Eclectic Elementals: The Magic & Spirituality of the Elements

This is not a specifically named, established path like Asatru, Kabbalah, Hermeticism, Kemeticism, Wicca or Santeria. Yet the Elemental Path can be adapted to any practice, traditional or modern, and the Elements are indeed present and utilized in all practices and systems. It can also be, as it is for me, its own completely original, self-contained and self-defined path. It is the path of peeking behind all the named and well-presented curtains; of getting to the heart of All and of connecting to and honoring the mystical, essential building blocks of everything in existence, from the planet to our souls.

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Shamanism: A Human Birthright

I consider shamanic practice to be the purest spirituality as it is ubiquitous throughout world cultures, is rooted in nature, and is not part of any structured dogma or organized religion. The purpose of religion is to control the human spirit. The purpose of shamanism is to free it.

Shamanism has no ruling deities, no rulers or central figures of any kind, no creed, no dogma. This puts the practice, the power, the responsibility, all in the hands of the individual practitioner. Shamanism allows us to find our true and natural power within ourselves. It does not bid us prostrate ourselves before invented figureheads. Shamanism empowers the individual, and this is one of the main reasons why many would seek to malign and even eradicate it.

This has been the agenda that the church/state and organized religion has historically had against various pagan, animistic and shamanic practices. The pagan shaman has no need of confession, atonement, redemption, sacrament, baptism, repentance, forgiveness, nothing. This undermines the powers that be. The shamanic practitioner becomes the power that is.

Even Buddhism, much admired and emulated in the west, is not untainted by such socio-political agendas, having a long history of suppressing shamanism. This is a history that most Americans and other westerners are probably not familiar with, and one that I was surprised and saddened to discover.

Buddhism first arrived in Mongolia in the 13th century, primarily through Tibetan Buddhist missionaries. Over time, Buddhism became deeply integrated into Mongolian society, influencing various aspects of culture, politics, and spirituality.

Shamanism, on the other hand, had been the indigenous spiritual tradition of the Mongolian people for centuries prior to the arrival of Buddhism.

Initially, Buddhism and shamanism coexisted in Mongolia, often with elements of syncretism where practices from both traditions were incorporated into local belief systems. However, as Buddhism gained more institutional power and support from Mongolian rulers, tensions began to rise between the two belief systems.

From the 16th century onward, there were concerted efforts by Mongolian rulers, often with support from Tibetan Buddhist authorities, to suppress shamanism and promote Buddhism as the dominant religion. This was driven by various factors, including political consolidation, the desire for religious uniformity, and the perceived threat that shamanism posed to Buddhist authority.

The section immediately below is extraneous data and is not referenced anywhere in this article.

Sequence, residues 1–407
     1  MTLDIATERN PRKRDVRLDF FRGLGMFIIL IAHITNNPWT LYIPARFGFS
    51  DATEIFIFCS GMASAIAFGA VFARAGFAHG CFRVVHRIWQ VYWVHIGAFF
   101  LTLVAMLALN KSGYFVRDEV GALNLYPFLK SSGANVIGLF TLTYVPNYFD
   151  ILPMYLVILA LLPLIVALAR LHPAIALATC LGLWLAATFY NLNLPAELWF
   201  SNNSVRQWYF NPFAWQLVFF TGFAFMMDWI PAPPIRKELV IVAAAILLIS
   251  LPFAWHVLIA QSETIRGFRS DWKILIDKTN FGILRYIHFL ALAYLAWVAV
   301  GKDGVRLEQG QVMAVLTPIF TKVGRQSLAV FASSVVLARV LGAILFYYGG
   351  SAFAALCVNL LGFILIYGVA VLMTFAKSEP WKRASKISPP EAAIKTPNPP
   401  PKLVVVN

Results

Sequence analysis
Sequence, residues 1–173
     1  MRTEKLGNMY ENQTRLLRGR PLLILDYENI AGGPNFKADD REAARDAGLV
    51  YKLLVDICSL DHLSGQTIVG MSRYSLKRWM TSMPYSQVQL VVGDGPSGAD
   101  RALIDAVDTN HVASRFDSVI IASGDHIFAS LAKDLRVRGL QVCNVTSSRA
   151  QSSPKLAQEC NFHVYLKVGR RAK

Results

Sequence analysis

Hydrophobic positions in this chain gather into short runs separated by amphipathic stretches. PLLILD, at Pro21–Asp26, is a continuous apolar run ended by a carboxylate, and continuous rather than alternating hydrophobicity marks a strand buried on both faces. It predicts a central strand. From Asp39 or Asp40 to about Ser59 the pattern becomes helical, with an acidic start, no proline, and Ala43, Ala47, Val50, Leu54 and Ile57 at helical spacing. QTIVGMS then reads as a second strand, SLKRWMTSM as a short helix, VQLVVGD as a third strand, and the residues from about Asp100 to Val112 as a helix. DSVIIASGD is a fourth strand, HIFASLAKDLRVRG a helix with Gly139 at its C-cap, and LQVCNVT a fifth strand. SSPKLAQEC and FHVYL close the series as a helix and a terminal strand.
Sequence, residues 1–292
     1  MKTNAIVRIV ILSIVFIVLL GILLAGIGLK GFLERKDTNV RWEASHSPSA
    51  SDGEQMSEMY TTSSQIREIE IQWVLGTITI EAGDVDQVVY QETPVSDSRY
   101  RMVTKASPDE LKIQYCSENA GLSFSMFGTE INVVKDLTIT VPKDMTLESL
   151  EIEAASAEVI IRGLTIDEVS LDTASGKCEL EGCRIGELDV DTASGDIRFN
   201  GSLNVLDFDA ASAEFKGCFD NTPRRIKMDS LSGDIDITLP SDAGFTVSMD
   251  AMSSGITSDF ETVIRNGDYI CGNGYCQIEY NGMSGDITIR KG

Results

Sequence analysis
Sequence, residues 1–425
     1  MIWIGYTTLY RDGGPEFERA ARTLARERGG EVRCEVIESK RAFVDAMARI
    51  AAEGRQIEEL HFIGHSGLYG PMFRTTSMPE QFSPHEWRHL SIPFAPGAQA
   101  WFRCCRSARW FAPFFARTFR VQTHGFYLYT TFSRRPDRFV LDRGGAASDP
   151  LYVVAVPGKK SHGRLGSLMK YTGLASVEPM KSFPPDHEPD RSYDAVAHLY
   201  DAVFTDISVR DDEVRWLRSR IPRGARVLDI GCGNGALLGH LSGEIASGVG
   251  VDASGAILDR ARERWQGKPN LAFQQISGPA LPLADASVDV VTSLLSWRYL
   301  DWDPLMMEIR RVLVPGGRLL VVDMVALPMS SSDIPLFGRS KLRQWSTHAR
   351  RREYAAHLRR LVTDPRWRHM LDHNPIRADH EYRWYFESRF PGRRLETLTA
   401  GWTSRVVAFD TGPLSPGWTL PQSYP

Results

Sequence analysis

At times, these efforts to suppress shamanism resulted in violent conflicts between Buddhist and shamanic practitioners. Temples and sacred sites associated with shamanism were sometimes destroyed, and shamans themselves were persecuted or forced to convert to Buddhism, or murdered.

Despite these efforts, shamanism survived in Mongolia and has even experienced a revival since the decline of communist influence. Shamanism itself has been flourishing around the world in the past thirty years.

Michael Harner created a “core shamanism”; a modern approach to shamanic practice that seeks to distill the essence of shamanic techniques from various indigenous cultures around the world into a cohesive and accessible system. Key features include universal techniques, shamanic journeying, power animals and spirit guides, healing and divination, and ecological awareness.

This system is the birthright of every human and no one race or culture holds a monopoly on it. We all have shamanic traditions in our ancestry, all of us, be it the Arctic shamanism of the Saami or the Amazonian shamanism of the Shipibo-Conibo. Therefore we can all benefit from returning to our shamanic roots.

Shamanic resurgence in the face of historical suppression underscores its enduring relevance and universal appeal, its essence transcends cultural boundaries, offering a pathway for all individuals to reclaim their inherent spiritual heritage. In embracing shamanic practice, we rediscover not only our own power but also our interconnection with all beings and the Earth itself—a timeless wisdom accessible to all who seek it, regardless of race, culture, or creed.

Copyright © Meredith Everwhite 2024

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I have been studying and practicing the occult to varying degrees for most of my life now. My personal path has led me from being forcefully raised as a reluctant Mormon, to an agnostic wanderer studying all religions, to a witch and heathen (first in groups/covens then as a solitary) to a shamanic practitioner and now to just myself - an unaffiliated, unlabeled, godless worshipper of Nature and the Elements.


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